7. With a small screwdriver, pry the safety disconnector spring from its recess in the frame. Add one thing not shown in the photo for purpose of clarity—a fingertip over the spring to prevent its escape.

8. Slide the safety disconnector upward and off the frame.

9. Grip the hammer spring base with pliers and disengage it from its locking recess in the backstrap. CAUTION: Spring is under tension. Ease it off, and remove spring and hammer strut from frame.

10. Drifting out the large pin at the top rear of the frame will free the hammer for removal from the top. The lower pin must be drifted out from right to left, and will release the sear and sear plunger for removal forward and downward. Take care not to lose the sear spring and plunger, housed in the left side of the sear.

11. The takedown-latch can be removed by depressing and holding in the small plunger above it, and moving the latch upward and off the frame.

12. The trigger and its spring are retained by a cross-pin. The pin should be moved toward the left side. After this is drifted out, the trigger is taken out downward, into the trigger guard opening.

13. There is a small retainer tab (arrow) just below the magazine catch button, level with the frame. Depress the retainer, and while holding it down unscrew the magazine catch button. Remove button, retainer, and spring from the left side, and the magazine catch piece from the right side.

Reassembly Tips:

1. To make replacing the trigger bar easier, insert a tool through the large opening on the left side and depress the long upper arm of the trigger spring, making sure that it is engaged beneath the inner stud of the trigger bar.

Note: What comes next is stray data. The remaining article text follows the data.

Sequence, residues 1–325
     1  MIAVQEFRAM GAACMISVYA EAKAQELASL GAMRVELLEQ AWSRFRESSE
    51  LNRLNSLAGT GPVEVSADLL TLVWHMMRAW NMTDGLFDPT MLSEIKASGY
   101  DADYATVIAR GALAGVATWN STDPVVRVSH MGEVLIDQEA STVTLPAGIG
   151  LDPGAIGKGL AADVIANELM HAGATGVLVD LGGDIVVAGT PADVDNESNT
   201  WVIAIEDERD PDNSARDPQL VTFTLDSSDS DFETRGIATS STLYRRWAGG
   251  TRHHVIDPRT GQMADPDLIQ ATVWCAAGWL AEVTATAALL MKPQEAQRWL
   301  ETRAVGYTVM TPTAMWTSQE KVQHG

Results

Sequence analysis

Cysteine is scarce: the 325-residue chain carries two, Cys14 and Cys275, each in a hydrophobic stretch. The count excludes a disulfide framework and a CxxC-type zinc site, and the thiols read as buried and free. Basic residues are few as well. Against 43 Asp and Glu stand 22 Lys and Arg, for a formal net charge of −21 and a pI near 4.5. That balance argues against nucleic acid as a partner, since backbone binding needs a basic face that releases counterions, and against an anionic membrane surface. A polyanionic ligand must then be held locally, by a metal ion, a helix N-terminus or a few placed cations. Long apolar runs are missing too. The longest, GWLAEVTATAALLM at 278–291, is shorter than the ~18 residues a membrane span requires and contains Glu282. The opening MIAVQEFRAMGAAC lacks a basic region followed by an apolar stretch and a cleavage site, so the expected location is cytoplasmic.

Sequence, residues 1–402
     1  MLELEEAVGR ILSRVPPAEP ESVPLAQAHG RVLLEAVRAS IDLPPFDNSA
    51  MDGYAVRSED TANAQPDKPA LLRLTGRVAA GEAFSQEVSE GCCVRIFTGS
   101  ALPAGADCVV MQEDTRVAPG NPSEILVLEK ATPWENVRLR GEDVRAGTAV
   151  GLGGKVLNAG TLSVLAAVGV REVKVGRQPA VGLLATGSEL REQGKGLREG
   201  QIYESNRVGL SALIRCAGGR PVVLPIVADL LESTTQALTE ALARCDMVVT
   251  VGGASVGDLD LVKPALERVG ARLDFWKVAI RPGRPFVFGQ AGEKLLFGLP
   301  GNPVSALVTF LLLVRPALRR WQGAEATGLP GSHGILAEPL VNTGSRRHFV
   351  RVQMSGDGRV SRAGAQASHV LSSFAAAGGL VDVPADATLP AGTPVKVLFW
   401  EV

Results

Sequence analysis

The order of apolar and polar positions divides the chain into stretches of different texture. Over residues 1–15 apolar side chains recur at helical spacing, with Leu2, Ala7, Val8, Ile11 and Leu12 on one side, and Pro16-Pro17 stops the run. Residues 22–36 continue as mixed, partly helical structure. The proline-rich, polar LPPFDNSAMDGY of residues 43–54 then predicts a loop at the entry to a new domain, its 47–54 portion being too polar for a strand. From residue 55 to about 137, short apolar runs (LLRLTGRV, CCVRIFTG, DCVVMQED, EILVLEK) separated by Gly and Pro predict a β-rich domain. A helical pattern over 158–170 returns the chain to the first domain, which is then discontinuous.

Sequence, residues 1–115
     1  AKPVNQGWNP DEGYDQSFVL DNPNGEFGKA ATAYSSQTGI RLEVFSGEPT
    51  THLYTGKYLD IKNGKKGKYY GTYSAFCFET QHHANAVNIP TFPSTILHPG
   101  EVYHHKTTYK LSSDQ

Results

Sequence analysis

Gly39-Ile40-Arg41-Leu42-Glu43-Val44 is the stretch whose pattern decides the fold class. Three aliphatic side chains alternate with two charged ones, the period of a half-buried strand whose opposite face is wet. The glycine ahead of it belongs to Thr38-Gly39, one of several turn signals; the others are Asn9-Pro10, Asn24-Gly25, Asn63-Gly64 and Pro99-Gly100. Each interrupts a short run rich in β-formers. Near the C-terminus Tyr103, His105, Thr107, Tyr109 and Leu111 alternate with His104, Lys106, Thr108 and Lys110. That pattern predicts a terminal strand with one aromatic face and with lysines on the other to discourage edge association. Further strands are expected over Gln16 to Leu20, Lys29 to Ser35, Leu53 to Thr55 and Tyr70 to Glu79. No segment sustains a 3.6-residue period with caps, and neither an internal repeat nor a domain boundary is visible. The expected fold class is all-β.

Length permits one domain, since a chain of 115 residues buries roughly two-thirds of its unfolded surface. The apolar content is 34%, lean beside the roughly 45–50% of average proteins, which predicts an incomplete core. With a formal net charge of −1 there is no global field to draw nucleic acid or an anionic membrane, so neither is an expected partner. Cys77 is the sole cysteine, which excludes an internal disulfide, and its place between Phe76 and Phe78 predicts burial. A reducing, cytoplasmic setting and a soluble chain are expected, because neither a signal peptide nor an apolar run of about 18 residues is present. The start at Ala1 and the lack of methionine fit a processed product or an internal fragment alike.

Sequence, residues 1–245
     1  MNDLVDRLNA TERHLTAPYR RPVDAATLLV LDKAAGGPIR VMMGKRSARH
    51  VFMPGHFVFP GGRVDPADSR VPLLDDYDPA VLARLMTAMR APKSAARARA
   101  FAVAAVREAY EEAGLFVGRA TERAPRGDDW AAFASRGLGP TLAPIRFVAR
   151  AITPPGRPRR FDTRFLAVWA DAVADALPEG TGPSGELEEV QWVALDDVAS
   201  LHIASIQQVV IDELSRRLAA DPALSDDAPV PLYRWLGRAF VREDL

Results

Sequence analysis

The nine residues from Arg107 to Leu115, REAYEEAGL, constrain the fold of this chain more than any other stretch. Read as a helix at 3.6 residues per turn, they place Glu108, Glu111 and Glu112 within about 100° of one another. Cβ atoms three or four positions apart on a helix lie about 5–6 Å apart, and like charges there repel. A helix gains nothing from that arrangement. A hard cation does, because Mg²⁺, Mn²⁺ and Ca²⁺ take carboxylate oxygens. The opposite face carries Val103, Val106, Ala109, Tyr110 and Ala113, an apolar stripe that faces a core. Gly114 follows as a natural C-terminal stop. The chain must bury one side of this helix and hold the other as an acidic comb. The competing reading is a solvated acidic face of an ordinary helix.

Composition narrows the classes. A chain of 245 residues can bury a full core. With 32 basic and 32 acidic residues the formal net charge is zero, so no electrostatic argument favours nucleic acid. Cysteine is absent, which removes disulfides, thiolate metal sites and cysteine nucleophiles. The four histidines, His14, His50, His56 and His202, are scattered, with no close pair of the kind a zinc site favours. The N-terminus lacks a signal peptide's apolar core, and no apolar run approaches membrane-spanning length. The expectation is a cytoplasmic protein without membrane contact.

For replacing the safety lever on the slide, use a small tool to depress the plunger at the end of the safety well, holding the plunger in while the safety is moved into place.

When replacing the safety disconnector on the right side, insert the upper arm of its spring into the small hole in the part, then move the spring into its recess.

Astra 400

Similar/Identical Pattern Guns

The same basic assembly/disassembly steps for the Astra 400 also apply to the following guns:

Astra Model 300

Astra Model 600

The Model 400 is also called the Model 1921, after the year of its adoption for use by the Spanish military. A shorter version, the Model 600, was chambered for the 9mm Luger round, and a smaller pistol, the Model 300, was made in 380 ACP and 32 ACP chamberings. The Model 600 and Model 300 had a different magazine catch, but they are otherwise mechanically identical to the Model 400 and the same general instructions apply.

Field Strip:

1. With the hammer down and the magazine removed, use a strong thumbnail or some other non-marring tool to depress the collar that surrounds the barrel at the muzzle. While holding the collar in, turn the knurled bushing at the front of the slide until the recoil spring forces the bushing and collar out toward the front. CAUTION: The Model 400 has an extremely strong recoil spring, so keep a firm grip on the bushing as it is turned, aim it away from the face, and ease it out of the slide.

2. Turn the barrel back to original position, and pull it forward out of the slide.

3. Move the slide all the way to the rear, then move it forward while pushing the safety-lever upward toward the rear, to the on-safe position. The inner arm of the safety-lever will catch and hold the slide in the position shown.